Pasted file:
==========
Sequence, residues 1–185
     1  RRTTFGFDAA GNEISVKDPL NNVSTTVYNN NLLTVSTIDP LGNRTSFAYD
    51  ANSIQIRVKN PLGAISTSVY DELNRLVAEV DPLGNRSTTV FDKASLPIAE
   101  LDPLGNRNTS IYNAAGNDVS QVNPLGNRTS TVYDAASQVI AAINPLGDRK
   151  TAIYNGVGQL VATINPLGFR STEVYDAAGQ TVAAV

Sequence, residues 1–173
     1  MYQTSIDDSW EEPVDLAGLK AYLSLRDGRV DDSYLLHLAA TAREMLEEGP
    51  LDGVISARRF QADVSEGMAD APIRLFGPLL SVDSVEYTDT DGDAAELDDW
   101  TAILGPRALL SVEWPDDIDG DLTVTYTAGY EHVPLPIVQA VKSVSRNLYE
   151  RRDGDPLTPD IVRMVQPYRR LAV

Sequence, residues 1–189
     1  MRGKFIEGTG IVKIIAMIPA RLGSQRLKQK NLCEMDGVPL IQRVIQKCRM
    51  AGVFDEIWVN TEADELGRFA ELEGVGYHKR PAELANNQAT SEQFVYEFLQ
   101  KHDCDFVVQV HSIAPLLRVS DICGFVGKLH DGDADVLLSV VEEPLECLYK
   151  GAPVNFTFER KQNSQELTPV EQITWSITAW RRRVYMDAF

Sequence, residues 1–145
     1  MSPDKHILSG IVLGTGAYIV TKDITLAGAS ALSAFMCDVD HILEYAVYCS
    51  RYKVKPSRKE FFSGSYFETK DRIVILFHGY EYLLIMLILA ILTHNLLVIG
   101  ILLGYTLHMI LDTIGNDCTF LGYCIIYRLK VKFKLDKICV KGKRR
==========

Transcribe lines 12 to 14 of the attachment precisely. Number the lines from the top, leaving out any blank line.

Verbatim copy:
     1  MRGKFIEGTG IVKIIAMIPA RLGSQRLKQK NLCEMDGVPL IQRVIQKCRM
    51  AGVFDEIWVN TEADELGRFA ELEGVGYHKR PAELANNQAT SEQFVYEFLQ
   101  KHDCDFVVQV HSIAPLLRVS DICGFVGKLH DGDADVLLSV VEEPLECLYK